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California Injecting $100 Million Into State's Struggling Legal Cannabis Industry

For starters, the money will help move provisional licenses to permanent ones.

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This story originally appeared on Benzinga

A new measure, proposed by Gov. Gavin Newsom, was approved by the California Legislature on Monday and aims to help legal cannabis operators acquire permanent licenses.

Alexander Spatari | Getty Images

According to Newsom’s office, about 82% of the state’s legal operators still hold provisional licenses as of April 2021. These provisional licenses are due on Jan. 1, 2022.

Related: California Gives $15 Million to Cannabis Social Equity Program Participants

Dealing with the bottleneck

While adult-use cannabis was made legal in the Golden State in 2016, most growers, retailers and manufacturers have been unable to transition from provisional licenses to permanent ones, which need to be renewed on an annual basis. 

This is due to the high cost of auditing operations to comply with environmental regulations, according to a report by the Los Ageles Times.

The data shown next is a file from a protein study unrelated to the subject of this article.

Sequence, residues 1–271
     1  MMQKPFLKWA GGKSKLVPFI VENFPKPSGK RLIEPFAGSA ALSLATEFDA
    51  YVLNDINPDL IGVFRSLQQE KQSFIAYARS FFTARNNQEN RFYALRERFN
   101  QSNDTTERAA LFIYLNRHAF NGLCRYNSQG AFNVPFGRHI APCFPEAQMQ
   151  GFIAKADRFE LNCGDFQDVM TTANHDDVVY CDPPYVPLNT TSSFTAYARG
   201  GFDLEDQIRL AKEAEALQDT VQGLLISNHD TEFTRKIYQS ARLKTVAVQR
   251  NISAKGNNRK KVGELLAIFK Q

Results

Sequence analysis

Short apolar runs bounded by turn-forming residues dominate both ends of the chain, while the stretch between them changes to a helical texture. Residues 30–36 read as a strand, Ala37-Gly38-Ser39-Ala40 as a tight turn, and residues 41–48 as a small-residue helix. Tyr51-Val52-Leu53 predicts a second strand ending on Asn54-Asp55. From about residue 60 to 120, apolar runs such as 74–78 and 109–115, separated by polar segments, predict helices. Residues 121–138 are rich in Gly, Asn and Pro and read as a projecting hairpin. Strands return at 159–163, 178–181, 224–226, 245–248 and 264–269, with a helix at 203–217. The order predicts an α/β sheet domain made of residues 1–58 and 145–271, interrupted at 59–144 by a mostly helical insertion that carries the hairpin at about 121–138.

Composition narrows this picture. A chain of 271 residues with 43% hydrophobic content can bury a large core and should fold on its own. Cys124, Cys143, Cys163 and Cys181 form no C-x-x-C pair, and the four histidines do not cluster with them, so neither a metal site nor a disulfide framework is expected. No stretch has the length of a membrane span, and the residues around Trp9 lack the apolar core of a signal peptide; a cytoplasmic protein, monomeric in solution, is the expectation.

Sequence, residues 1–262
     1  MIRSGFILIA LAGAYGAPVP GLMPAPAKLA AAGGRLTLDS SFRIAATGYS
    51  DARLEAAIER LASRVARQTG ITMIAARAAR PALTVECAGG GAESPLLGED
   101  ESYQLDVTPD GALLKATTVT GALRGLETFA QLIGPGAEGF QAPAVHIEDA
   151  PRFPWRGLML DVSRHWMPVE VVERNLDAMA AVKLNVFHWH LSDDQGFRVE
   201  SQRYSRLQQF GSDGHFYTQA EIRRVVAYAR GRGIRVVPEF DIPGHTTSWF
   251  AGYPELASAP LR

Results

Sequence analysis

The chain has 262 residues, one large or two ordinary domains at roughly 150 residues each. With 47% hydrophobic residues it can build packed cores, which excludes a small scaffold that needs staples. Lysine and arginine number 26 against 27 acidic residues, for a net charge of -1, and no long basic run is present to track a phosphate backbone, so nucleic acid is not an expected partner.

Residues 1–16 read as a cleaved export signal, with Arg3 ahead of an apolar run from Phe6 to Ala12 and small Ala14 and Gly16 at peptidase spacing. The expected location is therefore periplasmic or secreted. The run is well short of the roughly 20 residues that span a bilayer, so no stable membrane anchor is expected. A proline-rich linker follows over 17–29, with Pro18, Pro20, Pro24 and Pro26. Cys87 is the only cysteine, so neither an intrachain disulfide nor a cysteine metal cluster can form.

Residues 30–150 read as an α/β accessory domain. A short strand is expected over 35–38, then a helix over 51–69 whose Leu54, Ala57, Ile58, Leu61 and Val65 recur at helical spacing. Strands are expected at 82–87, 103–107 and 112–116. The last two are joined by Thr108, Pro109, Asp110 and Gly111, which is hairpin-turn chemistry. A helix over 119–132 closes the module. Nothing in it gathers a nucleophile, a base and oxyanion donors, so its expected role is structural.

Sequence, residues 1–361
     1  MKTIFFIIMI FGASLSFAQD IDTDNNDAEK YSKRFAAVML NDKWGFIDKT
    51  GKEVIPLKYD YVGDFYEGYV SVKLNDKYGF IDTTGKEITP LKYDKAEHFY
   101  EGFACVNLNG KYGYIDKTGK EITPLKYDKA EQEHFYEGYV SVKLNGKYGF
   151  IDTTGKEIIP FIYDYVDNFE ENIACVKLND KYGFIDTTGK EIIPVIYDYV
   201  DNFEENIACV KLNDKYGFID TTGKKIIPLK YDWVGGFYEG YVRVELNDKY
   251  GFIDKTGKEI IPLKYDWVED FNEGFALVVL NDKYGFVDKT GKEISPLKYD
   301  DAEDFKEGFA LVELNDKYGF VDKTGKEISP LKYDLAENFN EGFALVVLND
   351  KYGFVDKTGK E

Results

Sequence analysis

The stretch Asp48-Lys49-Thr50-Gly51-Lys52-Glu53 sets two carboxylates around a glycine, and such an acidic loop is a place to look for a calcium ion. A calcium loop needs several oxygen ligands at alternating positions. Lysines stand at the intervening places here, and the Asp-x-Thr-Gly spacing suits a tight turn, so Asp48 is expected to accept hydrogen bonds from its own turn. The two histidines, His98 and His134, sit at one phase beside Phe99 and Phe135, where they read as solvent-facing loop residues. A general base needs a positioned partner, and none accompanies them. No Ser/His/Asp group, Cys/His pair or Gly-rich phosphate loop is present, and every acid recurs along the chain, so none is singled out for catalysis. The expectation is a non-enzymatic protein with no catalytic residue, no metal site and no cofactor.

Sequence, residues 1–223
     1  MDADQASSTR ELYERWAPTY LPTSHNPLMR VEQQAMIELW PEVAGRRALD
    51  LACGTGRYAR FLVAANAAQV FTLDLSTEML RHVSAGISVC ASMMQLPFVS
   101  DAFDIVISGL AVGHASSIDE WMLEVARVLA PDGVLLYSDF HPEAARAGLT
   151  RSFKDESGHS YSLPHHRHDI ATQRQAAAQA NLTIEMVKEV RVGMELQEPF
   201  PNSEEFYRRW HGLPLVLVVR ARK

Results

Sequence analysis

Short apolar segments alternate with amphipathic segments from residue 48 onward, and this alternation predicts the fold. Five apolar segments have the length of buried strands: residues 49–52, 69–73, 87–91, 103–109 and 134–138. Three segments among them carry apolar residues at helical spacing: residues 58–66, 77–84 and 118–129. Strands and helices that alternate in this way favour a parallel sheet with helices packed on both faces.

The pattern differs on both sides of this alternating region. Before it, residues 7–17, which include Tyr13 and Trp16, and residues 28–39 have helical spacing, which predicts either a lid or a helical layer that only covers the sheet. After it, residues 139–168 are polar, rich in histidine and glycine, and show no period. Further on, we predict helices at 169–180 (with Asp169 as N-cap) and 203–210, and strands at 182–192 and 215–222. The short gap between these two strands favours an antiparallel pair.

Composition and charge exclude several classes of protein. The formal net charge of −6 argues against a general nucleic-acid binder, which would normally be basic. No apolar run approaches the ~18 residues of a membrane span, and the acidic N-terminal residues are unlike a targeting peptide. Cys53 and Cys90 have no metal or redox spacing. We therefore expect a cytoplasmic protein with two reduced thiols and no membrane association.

Los Angeles Mayor Eric Garcetti said the money is “essential in supporting a well-regulated, equitable, and sustainable cannabis market.”

Cannabis businesses would be able to use the money, which will be provided in the form of grants, to hire professionals that can help them complete the environmental studies needed to transition their provisional licenses to permanent ones.

However, some in the California industry say the funding is not nearly enough to solve the systemic issue it’s meant to address: the state's lengthy bottleneck in getting annual business permits approved.

Related: Where to Find Funding for a Cannabis Business

Reforms are needed

Jerred Kiloh, president of the L.A.-based United Cannabis Business Association, said he’d prefer to see the Newsom administration focus on reforming the licensing process itself rather than throwing money at an existing problem, reported MJBizDaily.

Kiloh noted that because the $100 million is going only to cities and counties that have already approved legal cannabis programs, it won’t incentivize local governments that have banned marijuana businesses to change their stance.

The funding will be assigned initially to 17 eligible cities and counties, with LA receiving 22% of the amount.

Additionally, Governor Newsom is pushing for a six-month extension of provisional licenses, from January to June 2022, which is yet to receive approval.

Meanwhile, California remains the largest cannabis industry in the world, with nearly $3 billion in sales in 2019 alone.